Captive Insurance Companies (CIC) are insurance companies created to insure the risks of related entities. Utilizing a CIC allows the insured to better protect itself from risk while having more control over the insurance provided. Under Internal Revenue Code (IRC) § 831(b), small insurance companies for which the premiums do not exceed $1.2 million are only taxed on their investment income. The increased cost of insurance and the unwillingness of the third party insurance companies to provide certain coverage, coupled with the beneficial tax treatment of small CICs, have led to a growth in the use of CICs for risk management purposes. The growth of these CIC arrangements has recently prompted increased scrutiny from the IRS. In fact, the Service added captive insurance companies as part of their “Dirty Dozen” for the 2015 filing season. Compiled annually, the “Dirty Dozen” lists a variety of common scams that taxpayers may encounter (click here to view the official release from the IRS). Currently, there are several promoter audits of CIC managers and providers, along with a large number of their CIC clients under IRS review.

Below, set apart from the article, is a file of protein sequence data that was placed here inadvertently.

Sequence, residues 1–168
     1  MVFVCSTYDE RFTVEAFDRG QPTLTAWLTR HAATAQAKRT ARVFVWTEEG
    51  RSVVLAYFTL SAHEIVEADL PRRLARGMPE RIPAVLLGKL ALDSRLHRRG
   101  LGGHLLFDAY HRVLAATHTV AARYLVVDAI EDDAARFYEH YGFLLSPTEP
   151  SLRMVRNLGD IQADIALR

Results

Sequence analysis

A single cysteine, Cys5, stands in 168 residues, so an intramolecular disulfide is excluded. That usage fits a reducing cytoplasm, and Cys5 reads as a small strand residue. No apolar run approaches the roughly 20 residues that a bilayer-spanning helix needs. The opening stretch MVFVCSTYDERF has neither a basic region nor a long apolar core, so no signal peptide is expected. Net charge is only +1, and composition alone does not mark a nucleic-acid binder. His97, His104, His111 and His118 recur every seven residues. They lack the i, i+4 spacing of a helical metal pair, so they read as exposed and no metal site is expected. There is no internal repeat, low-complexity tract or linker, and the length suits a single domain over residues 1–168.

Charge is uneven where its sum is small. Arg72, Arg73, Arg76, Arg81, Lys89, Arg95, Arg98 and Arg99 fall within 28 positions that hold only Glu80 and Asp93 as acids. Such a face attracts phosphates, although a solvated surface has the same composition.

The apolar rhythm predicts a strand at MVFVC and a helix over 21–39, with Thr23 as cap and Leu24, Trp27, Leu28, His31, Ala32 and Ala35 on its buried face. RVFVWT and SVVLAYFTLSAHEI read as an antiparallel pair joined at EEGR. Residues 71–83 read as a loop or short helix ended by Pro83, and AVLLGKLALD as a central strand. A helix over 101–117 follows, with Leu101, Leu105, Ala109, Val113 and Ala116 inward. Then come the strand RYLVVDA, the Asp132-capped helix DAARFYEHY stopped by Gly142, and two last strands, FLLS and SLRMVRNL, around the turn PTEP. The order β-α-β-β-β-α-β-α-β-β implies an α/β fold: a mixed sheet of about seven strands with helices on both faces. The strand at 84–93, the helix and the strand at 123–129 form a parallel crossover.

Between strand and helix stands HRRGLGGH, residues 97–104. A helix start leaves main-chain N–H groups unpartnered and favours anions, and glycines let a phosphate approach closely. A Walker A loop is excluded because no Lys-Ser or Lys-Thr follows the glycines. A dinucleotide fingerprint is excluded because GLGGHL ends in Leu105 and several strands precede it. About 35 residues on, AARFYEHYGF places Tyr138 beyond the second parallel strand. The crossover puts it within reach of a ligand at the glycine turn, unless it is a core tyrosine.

Congress Considers Action

Congress also is contemplating legislation that would make it more difficult for taxpayers to form CIC arrangements. On February 9, 2015, the Senate Finance Committee discussed changes to IRC § 831(b) that would increase the premium limit to $2.2 million, indexed for inflation. Additionally, the original proposal restricted the application of IRC § 831(b) to companies for which no more than 20 percent of premiums are attributable to any one policyholder. The proposal also required that the CIC take on no risk through reinsurance. After discussion, the proposal was modified so that only the premium increase was included in the bill that the committee agreed to. However, it is clear that Congress is not done considering ways to reduce perceived abuses in this area. During the hearing, Senator Grassley asked Assistant Secretary for Tax Policy, Mark Mazur, if he was aware of the concerns regarding CICs, specifically CICs taking advantage of the special tax treatment. Secretary Mazur responded affirmatively and expressed a willingness to undertake a study identifying abuses of CICs and whether legislation is necessary to address it.

Taxpayers who have a CIC need to be aware of the issues in this area that the IRS and Congress have under review and should seek advice from knowledgeable practitioners as to compliance. For more information contact John Dies at (713) 877-9600 or john.dies@alliantgroup.com